November 7, 2016; The Boston Globe
Dan Pallotta’s words have bounce, and he has a diamond-cutter’s eye for what glitters. His message is to the nonprofit world what Protestant “prosperity theology” is to Christianity. Both have come under the watchful eye of Senator Chuck Grassley. Grassley questioned the Wounded Warrior Project about its significant investment in Pallotta’s Charity Defense Council, and he scrutinized a host of televangelists for any sign that their nonprofit ministries enriched anyone but themselves.
In announcing Pallotta’s upcoming “Bolder Board Training” workshop this weekend in Cambridge, the Boston Globe notes Pallotta’s credentials, namely the AIDS Rides and the Breast Cancer 3-Day walks, and the Charity Defense Council. Thankfully, no mention was made of his “dead-wrong” 2013 TED Talk that summarized and harshly judged hundreds of years of philanthropy in just under 19 minutes.
Is Pallotta qualified to speak to what makes for effective boards of directors or even charities with a pulse?
Let’s consider the bike rides and the walks. Pallotta did not invent them. The largest and one of the oldest athletic charity events in the country, founded in 1980, is the Pan-Mass Challenge for the benefit of The Jimmy Fund. Pallotta’s for-profit event planning company’s innovation was to add a few days to the concept and hike the participation fee. By Pallotta’s own account, the venture ended badly.
On the day we were closing our doors, employees were coming up to me asking if they could start their own event businesses, ripping away what they could from the carcass of the company before the body was cold.
Let’s consider the Charity Defense Council. Three board members, one of which is Pallotta. The ruling year was 2012. What has this “bolder” board achieved in the past four years? Its latest Form 990, available at GuideStar, shows for fiscal year ending 12/31/2014 that the revenue was $175,273. Not a lot going on at the charity’s website blog, Facebook, or Twitter these days. Where is the nonprofit’s 2015 Form 990? Given the outsized grant from the Wounded Warrior Project, one has to wonder whether the Charity Defense Council would meet the IRS Public Charity Support Test, let alone changing the world for the better.
The Boston Globe reports:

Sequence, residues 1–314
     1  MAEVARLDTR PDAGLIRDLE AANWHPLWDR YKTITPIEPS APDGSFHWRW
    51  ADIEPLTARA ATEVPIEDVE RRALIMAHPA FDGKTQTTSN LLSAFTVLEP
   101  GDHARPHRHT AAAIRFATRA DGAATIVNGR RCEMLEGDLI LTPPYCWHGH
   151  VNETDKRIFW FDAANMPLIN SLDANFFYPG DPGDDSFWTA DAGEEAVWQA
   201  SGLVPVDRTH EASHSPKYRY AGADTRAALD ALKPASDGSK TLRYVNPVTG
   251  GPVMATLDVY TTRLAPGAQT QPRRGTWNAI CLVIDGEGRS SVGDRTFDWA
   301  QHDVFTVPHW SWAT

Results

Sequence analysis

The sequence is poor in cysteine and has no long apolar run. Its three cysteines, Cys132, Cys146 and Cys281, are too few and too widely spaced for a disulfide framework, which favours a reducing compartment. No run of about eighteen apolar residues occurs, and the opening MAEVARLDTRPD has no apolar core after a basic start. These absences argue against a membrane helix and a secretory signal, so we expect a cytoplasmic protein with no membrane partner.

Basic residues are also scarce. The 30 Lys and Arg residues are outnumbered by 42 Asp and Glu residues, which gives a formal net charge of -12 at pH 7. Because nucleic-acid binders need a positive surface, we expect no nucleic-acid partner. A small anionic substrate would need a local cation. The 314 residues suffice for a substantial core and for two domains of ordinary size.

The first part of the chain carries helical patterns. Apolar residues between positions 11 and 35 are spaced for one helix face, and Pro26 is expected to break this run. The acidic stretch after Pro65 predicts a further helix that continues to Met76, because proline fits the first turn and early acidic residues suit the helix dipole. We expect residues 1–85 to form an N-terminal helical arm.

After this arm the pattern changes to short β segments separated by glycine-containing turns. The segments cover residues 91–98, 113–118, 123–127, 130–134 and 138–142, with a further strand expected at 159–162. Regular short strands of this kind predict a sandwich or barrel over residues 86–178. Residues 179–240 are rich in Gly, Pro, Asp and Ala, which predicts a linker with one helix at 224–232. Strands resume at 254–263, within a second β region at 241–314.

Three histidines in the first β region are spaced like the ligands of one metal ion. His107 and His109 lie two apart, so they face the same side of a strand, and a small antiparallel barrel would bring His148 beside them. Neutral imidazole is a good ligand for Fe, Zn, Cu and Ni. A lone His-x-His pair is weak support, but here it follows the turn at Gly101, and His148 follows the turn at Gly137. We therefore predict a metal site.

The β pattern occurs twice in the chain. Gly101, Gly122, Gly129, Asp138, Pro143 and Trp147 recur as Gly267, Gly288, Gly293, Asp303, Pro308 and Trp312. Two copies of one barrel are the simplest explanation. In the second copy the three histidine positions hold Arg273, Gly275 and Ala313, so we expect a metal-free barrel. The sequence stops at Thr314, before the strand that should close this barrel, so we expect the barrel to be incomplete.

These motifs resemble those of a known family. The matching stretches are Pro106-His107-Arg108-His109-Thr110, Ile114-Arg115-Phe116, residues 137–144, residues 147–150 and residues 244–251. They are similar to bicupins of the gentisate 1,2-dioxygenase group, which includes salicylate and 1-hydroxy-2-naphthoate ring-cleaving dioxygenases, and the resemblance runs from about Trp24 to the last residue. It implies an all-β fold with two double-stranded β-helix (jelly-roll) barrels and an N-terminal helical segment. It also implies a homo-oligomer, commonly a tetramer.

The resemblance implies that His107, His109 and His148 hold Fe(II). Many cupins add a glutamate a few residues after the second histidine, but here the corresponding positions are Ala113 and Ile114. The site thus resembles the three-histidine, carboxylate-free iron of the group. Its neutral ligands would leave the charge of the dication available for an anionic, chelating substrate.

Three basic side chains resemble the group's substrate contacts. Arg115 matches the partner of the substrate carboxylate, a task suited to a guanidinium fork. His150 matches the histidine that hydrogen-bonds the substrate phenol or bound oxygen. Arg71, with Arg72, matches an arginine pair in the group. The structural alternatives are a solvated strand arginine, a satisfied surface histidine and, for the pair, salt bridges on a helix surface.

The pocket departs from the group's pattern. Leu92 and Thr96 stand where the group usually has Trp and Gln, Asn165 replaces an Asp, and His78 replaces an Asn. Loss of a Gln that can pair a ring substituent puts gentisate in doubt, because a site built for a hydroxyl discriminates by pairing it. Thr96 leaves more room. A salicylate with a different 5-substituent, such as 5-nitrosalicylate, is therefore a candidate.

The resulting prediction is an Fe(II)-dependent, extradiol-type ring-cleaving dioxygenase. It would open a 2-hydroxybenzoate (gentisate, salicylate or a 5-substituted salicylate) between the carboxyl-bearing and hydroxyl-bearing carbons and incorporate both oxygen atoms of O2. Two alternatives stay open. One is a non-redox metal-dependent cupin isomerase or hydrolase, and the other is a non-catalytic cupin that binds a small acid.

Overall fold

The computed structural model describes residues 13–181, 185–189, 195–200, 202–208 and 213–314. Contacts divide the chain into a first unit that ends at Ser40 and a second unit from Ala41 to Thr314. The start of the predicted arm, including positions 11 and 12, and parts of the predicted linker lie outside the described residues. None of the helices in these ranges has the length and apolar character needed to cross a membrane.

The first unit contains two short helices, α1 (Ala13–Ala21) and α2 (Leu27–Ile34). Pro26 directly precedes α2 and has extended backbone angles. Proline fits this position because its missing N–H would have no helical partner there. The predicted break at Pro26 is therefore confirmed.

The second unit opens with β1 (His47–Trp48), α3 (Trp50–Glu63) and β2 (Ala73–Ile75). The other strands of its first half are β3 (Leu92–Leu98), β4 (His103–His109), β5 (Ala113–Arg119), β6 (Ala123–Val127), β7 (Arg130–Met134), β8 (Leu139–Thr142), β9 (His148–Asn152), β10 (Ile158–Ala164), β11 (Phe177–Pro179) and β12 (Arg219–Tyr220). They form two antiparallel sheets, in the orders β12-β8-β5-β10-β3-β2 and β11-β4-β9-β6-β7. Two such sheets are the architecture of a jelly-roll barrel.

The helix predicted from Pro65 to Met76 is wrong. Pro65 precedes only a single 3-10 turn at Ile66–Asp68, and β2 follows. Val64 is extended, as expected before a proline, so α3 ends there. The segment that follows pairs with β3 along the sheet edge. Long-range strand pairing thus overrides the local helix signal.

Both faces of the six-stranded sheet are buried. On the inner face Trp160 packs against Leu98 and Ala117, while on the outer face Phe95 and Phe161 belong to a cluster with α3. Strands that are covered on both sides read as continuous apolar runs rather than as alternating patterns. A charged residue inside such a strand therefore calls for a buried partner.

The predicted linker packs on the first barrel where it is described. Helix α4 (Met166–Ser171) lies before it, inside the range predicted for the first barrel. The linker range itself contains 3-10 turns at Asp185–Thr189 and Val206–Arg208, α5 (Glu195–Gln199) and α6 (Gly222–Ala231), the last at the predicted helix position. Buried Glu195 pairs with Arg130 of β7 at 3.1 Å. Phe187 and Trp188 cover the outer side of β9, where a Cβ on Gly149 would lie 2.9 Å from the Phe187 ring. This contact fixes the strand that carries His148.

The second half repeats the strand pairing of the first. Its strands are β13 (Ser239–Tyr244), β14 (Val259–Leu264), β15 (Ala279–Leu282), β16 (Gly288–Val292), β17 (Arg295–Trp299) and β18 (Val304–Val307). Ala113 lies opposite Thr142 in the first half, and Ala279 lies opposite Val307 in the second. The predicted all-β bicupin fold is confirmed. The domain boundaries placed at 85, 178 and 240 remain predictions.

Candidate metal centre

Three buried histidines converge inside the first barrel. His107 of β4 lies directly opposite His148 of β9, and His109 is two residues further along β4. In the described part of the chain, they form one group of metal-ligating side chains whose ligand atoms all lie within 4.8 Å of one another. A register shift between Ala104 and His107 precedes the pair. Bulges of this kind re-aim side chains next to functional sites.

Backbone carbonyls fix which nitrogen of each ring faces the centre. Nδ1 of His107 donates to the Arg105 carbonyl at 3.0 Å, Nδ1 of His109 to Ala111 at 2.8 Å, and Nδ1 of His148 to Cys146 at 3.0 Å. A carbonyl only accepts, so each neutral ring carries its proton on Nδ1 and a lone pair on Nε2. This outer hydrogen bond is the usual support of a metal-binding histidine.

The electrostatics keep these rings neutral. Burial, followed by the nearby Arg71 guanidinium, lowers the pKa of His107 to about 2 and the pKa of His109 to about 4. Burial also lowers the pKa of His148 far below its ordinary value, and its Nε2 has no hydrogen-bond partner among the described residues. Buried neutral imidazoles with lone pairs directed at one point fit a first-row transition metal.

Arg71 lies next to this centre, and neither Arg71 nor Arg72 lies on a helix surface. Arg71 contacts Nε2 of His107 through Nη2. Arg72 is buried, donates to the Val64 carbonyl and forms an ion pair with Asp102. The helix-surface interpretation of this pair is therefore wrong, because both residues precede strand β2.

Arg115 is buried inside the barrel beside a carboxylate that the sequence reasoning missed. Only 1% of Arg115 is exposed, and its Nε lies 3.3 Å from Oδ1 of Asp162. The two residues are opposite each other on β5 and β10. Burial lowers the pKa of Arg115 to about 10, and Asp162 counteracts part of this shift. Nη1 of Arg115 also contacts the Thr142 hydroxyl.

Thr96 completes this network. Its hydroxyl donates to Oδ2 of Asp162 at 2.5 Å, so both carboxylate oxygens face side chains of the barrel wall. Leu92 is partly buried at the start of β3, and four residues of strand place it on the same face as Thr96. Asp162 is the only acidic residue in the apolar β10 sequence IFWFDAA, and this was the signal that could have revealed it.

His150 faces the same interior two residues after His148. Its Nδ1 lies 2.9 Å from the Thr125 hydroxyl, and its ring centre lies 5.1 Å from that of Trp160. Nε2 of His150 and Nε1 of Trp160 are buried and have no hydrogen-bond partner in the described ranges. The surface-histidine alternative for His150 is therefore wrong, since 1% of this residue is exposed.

“Most of the training board members get, for those who get training at all, is about fiduciary duty and governance and finance,” he says. “They just get plopped there with a bunch of Excel spreadsheets to review cash flow, and that’s it.
“I don’t think most people join a board to review spreadsheets once a month,” Pallotta adds. “I think they really want to make a difference and get involved with an idea that’s pushing the envelope, pushing the limits, pushing them.”
Actually, yes, fiduciary duty and governance and finance are important components of a director’s commitment. No, actually, at least in this writer’s experience, governance is only one among many elements of the experience. Board members are often the chief strategists and fundraisers for the causes they serve. Pallotta might have a better understanding of how boards actually behave if he served on more of them, or even voluntarily gave more of his own time and talent to charity work. A glance at his LinkedIn profile indicates that he is a marketing and advertising expert, his two “Experience” stops being Pallotta TeamWorks (1991–present) and Advertising for Humanity (2011–present).
If you miss his workshop this weekend on board “visioning,” Pallotta is a headliner at the NANOE “Convention & Expo” in March 2017 in Columbia, South Carolina. This is a Jimmy LaRose initiative that like Pallotta is “Reimagining Philanthropy.” LaRose’s book and message include these observations: “money is more important than mission,” “donors are more important than clients or causes,” and, awkwardly at least this weekend for Pallotta, “volunteer boards don’t work and never will.”
Thankfully, the many months of negative political campaigning are coming to a blessed end today. Not so for those who strive to make a living off the nonprofit community with provocative sound bites on the speaking and workshop circuit. Pallotta’s two books are entitled Uncharitable and Charity Case. His TED Talk was entitled, “The way we think about charity is dead wrong.” Really? Everyone, for all time, got philanthropy wrong? A daylong workshop will set everything right by teaching us “vision and boldness?”
Don’t misunderstand: No one will argue that restraint and fear of success are the way to go. Nonprofit work already comprises the bold and the visionary, work that changes how people think and act with one another. But vision and boldness are nothing without humility and an understanding and observation of the ethics of trust, the precious contract at the core of our relationships with donors and stakeholders in general. Its lack of primacy in what we do has created havoc in Pallotta’s wake, but a great salesman may care less about the quality of his product than he does about selling it.—James Schaffer